By Dr. Lynn Reaser
At least for the near-term, the military will remain a powerful driver of San Diego’s economy. Because of the nation’s strategic need to focus more on Asia, the Navy will continue to expand its operations here. By 2013, the Navy will bring in seven additional ships and twenty-five more helicopters. Including further growth of the Naval Medical Center in San Diego, this will mean the planned addition of more than 2,500 Navy personnel during the next three years.
The Marine Corps will also add more than 5,000 men and women through 2013 in its “Grow the Force” initiative. Although this strength level will ultimately be scaled back when the U.S. exits Afghanistan, that could be a number of years away. The Navy’s additions in personnel levels will be long-term in acknowledgement of the possible threats from China and other nations in Asia.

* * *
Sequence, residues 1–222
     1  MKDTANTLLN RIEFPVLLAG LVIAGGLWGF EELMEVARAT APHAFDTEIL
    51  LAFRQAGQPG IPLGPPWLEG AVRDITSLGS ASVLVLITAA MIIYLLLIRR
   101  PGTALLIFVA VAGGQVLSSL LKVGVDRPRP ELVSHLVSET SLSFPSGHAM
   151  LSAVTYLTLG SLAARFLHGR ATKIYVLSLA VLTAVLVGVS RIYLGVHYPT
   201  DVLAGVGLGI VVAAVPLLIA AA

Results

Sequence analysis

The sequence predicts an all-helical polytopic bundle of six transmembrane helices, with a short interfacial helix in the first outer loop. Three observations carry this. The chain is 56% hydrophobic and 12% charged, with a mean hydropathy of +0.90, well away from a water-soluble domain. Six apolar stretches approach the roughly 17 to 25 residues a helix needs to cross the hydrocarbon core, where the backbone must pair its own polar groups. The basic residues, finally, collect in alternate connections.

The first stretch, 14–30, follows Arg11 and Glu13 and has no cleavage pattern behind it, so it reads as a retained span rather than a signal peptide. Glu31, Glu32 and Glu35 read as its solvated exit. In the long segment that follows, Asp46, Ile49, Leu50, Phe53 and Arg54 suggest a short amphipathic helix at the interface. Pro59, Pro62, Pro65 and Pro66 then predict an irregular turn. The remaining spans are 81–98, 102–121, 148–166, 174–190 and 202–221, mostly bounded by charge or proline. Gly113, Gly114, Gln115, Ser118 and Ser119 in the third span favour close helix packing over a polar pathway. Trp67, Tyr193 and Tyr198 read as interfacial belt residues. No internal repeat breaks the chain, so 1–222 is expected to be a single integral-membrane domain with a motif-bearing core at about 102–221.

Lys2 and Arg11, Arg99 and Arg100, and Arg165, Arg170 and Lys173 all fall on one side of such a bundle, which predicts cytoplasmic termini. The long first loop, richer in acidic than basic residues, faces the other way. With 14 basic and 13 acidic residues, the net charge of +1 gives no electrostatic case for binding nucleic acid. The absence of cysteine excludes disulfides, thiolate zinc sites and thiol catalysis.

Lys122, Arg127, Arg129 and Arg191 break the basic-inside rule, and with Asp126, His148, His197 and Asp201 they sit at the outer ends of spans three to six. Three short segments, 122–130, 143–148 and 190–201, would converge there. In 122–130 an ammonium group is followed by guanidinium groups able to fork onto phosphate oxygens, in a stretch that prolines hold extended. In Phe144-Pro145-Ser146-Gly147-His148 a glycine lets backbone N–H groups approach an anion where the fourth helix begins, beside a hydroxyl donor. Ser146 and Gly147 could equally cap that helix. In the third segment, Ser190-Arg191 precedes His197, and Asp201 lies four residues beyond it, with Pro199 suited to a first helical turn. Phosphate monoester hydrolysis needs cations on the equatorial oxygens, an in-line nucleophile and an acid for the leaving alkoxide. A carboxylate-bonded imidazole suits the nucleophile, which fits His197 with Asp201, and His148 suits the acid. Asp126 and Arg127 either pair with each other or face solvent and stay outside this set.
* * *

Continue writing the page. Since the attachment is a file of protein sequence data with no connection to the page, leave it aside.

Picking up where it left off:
With respect to various contractors, military construction spending will reach an all-time high in 2011, with significant work continuing near-term. New orders and repair activity will retain the workforce in shipbuilding during the next two to three years. Defense cuts could cause a change in the mix, but technology contractors should see further sizeable business. The new focus on unmanned vehicles will also benefit San Diego firms.
The defense budget will see substantial cuts over the next decade as the U.S. is forced to deal with its deficit and debt problems. However, San Diego is likely to fare better than most other areas with a significant military presence and could benefit from further consolidation. Meanwhile, for the immediate future, the prospects are for more growth from the military sector as opposed to cutbacks in the region.